March 1st, 2024

NORAD to track Santa’s progress on Christmas Eve


By Lethbridge Herald on December 22, 2023.

U.S. Department of Defense photo by Chuck Marsh - Volunteers work the phones at the NORAD Tracks Santa Operations Center on Peterson Space Force Base, Colorado, providing updated information on Santa’s location to callers from around the globe during Christmas Eve last year.

Children around the world will be eagerly awaiting the arrival of Santa Claus to arrive in the dark of night for a special Christmas morning.

Santa and his reindeer have a long night ahead of them when they leave the North Pole to land on rooftops everywhere.

And families can track his progress thanks to NORAD’s official Santa Tracker, which can be followed online or via mobile phone apps.

NORAD, the North American Aerospace Defense Command, is a bilateral Canada/U.S. organization that defends our homelands through aerospace warning and control and maritime warnings for North America.

The aerospace warning includes, says the NORAD website, “the monitoring of man-made objects in space and the detection, validation and warning of attack against North America whether by aircraft, missiles or space vehicles through mutual support arrangements with other commands.”

Santa has been tracked by the North American defense system  since 1955 when the old Continental Air Defense Command began monitoring him and his sleigh.

NORAD took over in 1958 when it replaced CONAD and has been tracking Santa’s progress around the world ever since.

NORAD says its’ the only organization that has the technology, qualifications and the people to track Santa and his sleigh.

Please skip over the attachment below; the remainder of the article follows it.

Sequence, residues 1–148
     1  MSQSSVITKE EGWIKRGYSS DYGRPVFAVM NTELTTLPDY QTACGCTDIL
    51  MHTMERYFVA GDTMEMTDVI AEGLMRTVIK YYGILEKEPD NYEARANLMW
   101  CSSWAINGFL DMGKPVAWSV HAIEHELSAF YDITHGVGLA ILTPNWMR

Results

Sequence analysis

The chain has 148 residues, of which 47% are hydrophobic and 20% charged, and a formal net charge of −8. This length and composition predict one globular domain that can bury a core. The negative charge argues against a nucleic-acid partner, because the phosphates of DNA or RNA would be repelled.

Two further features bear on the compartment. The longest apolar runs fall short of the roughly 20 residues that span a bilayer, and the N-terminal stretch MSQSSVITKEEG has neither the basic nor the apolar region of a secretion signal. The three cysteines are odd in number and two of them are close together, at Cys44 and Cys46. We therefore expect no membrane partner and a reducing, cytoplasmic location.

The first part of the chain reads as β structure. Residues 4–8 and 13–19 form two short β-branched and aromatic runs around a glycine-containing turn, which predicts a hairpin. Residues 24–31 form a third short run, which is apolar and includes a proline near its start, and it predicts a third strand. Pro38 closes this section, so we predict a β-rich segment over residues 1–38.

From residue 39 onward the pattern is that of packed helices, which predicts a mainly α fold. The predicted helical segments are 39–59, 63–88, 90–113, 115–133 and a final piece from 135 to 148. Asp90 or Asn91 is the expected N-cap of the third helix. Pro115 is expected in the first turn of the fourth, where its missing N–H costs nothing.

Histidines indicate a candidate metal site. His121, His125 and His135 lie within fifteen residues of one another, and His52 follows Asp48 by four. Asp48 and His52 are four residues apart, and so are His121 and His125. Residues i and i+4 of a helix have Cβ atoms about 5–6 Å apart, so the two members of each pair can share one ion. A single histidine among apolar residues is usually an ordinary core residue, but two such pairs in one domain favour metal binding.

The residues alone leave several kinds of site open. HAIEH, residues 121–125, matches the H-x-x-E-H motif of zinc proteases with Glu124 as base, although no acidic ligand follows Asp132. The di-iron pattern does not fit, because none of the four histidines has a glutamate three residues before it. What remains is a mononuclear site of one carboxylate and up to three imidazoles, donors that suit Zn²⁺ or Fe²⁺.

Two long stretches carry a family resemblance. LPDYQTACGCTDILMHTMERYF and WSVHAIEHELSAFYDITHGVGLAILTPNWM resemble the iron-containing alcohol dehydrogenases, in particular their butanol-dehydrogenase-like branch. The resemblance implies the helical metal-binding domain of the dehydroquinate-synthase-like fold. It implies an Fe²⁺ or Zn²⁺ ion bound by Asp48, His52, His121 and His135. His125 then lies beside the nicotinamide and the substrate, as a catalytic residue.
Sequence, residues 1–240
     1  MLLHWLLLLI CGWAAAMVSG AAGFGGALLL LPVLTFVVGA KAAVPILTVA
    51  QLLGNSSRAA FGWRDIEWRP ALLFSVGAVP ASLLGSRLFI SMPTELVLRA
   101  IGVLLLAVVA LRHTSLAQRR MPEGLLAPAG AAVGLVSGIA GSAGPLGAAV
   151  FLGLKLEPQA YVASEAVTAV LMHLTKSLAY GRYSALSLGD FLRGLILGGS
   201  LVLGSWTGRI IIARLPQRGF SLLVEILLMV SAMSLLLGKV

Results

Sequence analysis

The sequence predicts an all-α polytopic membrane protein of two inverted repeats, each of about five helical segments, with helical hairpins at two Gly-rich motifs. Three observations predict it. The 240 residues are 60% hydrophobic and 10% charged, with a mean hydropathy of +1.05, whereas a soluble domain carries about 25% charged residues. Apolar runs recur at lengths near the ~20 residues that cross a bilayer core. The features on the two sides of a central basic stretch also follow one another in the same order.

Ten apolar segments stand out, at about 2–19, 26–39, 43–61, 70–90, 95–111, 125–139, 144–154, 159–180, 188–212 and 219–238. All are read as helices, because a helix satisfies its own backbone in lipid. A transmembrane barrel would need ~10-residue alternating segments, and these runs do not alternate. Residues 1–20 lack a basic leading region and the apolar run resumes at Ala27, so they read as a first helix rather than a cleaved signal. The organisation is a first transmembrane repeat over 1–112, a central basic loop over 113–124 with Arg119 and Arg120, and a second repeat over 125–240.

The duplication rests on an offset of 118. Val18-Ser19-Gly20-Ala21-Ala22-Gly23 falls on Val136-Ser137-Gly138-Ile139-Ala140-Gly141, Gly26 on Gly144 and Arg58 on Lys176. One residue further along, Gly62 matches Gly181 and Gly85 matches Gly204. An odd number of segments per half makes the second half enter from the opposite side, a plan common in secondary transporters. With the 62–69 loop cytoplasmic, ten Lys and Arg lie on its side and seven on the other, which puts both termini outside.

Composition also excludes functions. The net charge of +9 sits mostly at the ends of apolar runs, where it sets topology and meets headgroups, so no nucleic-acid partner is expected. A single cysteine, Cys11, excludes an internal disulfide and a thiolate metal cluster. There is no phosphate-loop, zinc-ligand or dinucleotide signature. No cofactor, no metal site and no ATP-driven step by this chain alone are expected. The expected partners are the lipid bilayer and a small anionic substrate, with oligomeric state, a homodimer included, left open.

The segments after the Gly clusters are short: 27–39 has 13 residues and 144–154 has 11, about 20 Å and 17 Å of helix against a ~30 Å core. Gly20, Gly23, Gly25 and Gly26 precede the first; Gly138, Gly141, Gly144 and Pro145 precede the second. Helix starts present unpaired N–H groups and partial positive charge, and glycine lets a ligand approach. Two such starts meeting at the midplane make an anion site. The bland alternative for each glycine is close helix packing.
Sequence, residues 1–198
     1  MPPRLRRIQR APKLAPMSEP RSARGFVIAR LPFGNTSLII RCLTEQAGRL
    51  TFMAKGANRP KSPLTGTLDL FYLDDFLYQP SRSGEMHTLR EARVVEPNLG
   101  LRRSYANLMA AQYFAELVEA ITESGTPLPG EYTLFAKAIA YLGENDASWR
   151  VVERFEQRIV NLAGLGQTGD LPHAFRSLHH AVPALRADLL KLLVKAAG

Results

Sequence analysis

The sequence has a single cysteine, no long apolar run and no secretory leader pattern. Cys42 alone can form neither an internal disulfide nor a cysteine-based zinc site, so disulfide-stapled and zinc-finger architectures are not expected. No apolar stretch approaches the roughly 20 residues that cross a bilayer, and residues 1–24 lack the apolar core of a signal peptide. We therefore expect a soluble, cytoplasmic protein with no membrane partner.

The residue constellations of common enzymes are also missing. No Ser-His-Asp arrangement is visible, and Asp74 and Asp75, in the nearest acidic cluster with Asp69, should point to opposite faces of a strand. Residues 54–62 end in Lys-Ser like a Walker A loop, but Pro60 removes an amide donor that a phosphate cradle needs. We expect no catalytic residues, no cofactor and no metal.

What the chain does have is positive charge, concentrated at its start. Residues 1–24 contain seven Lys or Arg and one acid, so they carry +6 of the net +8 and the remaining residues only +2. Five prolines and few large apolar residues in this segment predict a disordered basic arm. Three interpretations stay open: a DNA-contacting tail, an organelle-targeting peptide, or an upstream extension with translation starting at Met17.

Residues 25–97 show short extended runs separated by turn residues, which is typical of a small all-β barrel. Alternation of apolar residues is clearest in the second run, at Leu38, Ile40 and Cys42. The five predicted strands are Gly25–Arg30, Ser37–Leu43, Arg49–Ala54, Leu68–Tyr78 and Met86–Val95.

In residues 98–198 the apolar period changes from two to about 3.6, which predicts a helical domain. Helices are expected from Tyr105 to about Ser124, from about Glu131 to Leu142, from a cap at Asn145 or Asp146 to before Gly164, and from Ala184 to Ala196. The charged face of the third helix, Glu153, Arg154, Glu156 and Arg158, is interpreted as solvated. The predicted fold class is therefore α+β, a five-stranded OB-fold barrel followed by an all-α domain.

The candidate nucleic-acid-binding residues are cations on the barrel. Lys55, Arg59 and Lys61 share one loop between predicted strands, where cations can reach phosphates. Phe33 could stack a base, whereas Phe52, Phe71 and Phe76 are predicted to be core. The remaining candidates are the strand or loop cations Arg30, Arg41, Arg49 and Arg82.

Because only Santa knows his exact route, NORAD says it can’t predict when he’ll arrive at anyone’s home. But NORAD says Santa seems to arrive between the hours of 9 p.m. and midnight on Dec. 24 and that if kids are still awake, he’ll return to other houses first.

So a note to parents for their children on Christmas Eve – they need to go to bed so Santa can do his job and get home to his own family back at the North Pole.

According to NORAD, his route usually starts at the International Date line in the Pacific West before heading West.

“Historically, Santa visits the South Pacific first, then New Zealand and Australia. After that, he shoots up to Japan, over to Asia, across to Africa, then onto Western Europe, Canada, the United States, Mexico and Central and South America,” says NORAD.

“Keep in mind, Santa’s route can be affected by weather, so it’s really unpredictable. NORAD coordinates with Santa’s Elf Launch Staff to confirm his launch time, but from that point on, Santa calls the shots. We just track him!”

NORAD says according to flight profile data, Santa stands about 5 feet seven inches tall and weighs about 260 pounds before cookies. How he fits down chimneys, NORAD can’t definitively say.

To track Santa online from a computer, visit http://www.noradsanta.org

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